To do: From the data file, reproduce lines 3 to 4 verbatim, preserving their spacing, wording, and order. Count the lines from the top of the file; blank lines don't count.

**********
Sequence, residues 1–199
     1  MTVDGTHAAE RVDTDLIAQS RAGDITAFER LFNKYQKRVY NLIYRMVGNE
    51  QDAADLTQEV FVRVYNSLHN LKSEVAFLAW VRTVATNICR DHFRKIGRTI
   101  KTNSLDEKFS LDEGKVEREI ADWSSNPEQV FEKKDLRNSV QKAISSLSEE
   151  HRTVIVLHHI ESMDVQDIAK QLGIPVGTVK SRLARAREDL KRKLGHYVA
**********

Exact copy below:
    51  QDAADLTQEV FVRVYNSLHN LKSEVAFLAW VRTVATNICR DHFRKIGRTI
   101  KTNSLDEKFS LDEGKVEREI ADWSSNPEQV FEKKDLRNSV QKAISSLSEE